Shrimp And Okra Gumbo
Roasted Eggplant, Green Pepper & Tomato Dip
Turkish eggplant and beef stew (musakka) recipe
Tomato, Smoked Mozzarella and Arugula Salad

 

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Weekly Share August 20th – 26th

Lemon Drop & Khmer Thai Chiles
Shishito Peppers
Clemson Spineless Okra
Asian Long or Romano Beans
Nevada Summer Crisp Lettuce
Suyo Long Cucumber
Zephyr Squash
Yaya Carrots
Shiso (Perilla)
Thai Basil

Sichuan Style Stir-Fried Chinese Long Beans

Spicy Okra Carrot Stir Fry (Bhindi Gajar Sabzi)

Spicy Thai Chicken Coconut Soup with Okra and Mushrooms

Cucumber & Carrot Noodle Thai Salad

Thai Basil Summer Squash

Tomato, Onion and Green Pepper Salad with Shiso

Bento Recipe: Pork Shiso Rolls

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Weekly Share August 13th – 19th

Asian Long or Romano Beans
Crimson Sweet Watermelon
Heirloom Tomatoes
Assorted Eggplant
Diva Israeli Cucumber
Seyrek Green Peppers
Sweet Peppers
Genovese Basil
German White Garlic

Watermelon Juice With Basil and Lime
Watermelon Salad With Feta And Basil
Spiced Peppers and Eggplant
Eggplant in a Spicy Honey SauceThe New Book of Middle Eastern Food by Claudia Roden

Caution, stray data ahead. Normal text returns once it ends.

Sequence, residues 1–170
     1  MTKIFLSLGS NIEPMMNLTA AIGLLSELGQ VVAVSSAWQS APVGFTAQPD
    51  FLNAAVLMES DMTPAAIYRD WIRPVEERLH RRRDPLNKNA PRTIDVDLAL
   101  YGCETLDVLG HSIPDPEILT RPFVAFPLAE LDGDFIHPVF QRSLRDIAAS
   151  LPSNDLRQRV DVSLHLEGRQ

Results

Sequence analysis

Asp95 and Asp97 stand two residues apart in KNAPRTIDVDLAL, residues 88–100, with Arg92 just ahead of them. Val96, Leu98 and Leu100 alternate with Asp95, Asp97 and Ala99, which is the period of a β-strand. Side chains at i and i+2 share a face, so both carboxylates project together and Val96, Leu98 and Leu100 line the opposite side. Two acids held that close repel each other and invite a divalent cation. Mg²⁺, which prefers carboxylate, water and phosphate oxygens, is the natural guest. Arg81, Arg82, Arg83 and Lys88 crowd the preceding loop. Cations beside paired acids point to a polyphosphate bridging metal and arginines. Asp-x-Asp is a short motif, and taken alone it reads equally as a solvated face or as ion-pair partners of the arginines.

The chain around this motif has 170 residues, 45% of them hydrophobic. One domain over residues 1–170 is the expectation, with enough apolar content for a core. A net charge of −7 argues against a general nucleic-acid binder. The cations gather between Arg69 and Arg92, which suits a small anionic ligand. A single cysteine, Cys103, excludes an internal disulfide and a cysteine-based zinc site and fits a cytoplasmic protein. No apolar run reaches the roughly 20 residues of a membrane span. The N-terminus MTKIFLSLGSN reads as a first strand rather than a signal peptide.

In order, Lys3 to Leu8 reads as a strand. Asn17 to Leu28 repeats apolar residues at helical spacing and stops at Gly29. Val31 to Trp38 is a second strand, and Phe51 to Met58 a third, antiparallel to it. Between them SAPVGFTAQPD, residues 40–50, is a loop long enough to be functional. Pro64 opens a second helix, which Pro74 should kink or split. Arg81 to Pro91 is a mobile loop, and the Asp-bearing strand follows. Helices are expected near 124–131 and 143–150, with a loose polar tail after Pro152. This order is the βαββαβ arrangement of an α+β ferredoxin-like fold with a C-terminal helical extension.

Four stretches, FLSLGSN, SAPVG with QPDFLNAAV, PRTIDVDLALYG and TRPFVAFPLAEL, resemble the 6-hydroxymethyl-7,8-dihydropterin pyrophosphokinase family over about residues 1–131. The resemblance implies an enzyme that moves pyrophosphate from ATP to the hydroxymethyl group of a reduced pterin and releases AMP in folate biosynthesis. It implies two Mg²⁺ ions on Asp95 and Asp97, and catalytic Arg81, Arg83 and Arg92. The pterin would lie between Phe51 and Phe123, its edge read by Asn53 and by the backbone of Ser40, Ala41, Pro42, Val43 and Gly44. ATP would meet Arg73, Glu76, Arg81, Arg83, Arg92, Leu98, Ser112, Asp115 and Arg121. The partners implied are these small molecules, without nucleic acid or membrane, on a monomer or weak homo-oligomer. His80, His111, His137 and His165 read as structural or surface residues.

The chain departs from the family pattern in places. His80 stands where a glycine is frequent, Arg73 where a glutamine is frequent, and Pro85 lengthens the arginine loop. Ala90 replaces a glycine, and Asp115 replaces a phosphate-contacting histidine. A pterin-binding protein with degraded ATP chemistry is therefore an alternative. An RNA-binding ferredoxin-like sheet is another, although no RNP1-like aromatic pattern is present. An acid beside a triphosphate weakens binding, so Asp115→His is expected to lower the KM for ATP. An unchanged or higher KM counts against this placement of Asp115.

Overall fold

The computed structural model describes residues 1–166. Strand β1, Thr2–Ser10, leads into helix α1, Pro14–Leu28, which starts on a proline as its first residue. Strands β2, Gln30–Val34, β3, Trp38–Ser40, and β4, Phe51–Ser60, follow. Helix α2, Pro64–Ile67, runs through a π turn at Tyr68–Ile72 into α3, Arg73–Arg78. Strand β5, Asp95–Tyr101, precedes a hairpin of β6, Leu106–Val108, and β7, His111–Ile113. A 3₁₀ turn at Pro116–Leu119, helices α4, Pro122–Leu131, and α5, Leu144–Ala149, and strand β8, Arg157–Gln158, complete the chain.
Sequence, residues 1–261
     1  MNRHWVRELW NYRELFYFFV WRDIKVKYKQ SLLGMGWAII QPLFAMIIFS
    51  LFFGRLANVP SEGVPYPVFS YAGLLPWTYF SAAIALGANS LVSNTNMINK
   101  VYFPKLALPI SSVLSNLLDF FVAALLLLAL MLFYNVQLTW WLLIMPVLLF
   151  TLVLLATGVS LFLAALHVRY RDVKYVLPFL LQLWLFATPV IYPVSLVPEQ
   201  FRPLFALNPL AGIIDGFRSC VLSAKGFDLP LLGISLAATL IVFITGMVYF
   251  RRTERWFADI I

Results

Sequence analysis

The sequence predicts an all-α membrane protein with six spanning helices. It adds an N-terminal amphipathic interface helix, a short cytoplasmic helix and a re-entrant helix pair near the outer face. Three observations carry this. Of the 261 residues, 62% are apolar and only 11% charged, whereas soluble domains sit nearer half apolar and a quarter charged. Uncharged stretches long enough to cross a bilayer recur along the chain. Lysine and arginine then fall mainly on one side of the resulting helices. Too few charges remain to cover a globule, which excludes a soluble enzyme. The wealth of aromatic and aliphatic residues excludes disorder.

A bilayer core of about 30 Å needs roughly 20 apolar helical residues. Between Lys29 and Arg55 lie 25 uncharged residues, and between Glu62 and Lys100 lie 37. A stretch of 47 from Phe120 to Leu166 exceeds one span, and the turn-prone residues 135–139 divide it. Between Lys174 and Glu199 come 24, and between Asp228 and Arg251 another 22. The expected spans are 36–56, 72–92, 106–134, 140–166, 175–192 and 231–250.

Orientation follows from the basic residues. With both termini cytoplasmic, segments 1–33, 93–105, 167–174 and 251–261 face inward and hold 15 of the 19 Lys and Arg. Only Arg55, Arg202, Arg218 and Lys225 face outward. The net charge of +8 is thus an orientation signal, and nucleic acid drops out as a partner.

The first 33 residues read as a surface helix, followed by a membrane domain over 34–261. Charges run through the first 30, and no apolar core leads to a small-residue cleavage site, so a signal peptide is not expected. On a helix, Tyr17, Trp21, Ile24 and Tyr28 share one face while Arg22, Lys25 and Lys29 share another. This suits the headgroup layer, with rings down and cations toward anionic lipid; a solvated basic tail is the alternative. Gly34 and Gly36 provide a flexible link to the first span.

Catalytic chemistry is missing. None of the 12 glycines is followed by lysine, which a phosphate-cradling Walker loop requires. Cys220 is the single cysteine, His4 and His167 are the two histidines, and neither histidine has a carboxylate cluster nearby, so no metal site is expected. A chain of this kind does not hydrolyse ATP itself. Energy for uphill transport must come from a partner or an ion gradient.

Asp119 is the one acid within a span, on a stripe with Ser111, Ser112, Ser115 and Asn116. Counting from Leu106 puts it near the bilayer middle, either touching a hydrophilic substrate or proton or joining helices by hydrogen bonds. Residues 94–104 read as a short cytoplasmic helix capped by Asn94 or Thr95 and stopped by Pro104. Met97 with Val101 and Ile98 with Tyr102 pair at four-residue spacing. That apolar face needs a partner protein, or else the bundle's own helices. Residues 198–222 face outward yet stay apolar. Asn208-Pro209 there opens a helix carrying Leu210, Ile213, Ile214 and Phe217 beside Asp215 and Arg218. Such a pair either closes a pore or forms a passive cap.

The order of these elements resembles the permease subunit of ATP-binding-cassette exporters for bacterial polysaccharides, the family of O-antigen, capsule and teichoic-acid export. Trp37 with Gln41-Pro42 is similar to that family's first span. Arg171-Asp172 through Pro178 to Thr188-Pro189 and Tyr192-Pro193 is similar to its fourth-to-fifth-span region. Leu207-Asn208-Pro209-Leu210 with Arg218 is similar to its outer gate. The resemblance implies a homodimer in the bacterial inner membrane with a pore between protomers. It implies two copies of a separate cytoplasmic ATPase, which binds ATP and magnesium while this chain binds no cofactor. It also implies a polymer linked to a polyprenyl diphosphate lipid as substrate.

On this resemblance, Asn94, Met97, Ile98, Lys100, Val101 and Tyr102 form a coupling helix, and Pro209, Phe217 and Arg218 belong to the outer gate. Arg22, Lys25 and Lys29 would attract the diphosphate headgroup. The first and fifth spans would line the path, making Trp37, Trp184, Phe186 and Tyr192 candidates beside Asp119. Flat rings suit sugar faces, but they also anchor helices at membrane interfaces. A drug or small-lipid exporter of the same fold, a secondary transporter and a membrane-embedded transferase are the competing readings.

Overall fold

The sauce is a splendid example of the hot, spicy, and sweet combinations; which are a thrilling feature of North African cooking. Serve it cold with bread.
2 medium-large eggplants
olive oil
salt
3 cloves garlic, crushed
2 inches fresh gingerroot, grated, or cut into pieces
1 ½ tsp ground cumin
large pinch cayenne or ground chili pepper, to taste
4-6 Tbls honey
juice of 1 lemon
2/3 cup water
Cut the eggplants into rounds about 1/3” thick. Do not peel them. Dip them in olive oil, turning them over, and cook on a griddle or under a broiler, turning them over once, until they are lightly browned. They do not need to be soft, as they will cook further in the sauce. In a wide saucepan or skillet, fry the garlic in 2 Tbls of the oil for seconds only, stirring, then take off the heat. Add the ginger, cumin, and cayenne or gorund chili pepper, honey, lemon juice, and water. Put in the eggplant slices and cook over low heat –either in batches, so they are in one layer, or together, rearranging them so that each slice gets some time in the sauce –for about 10 minutes, or until the slices are soft and have absorbed the sauce. Add a little water if necessary.
Caponata from The Kitchen Garden
Lots and lots of olive oil
1 cup chopped onion
1 head garlic, chopped
1/2 tsp chili flakes or fresh hot peppers, to taste
1 pound peppers, cut into large chunks
1 pound eggplant, cut into large chunks
1 or 2 ripe plum tomatoes, chopped
salt & pepper
1 Tbsp sugar
1 Tbsp red wine vinegar
1 Tbsp capers
3 Tbsp chopped Kalamata olives
Few sprigs chopped basil and parsley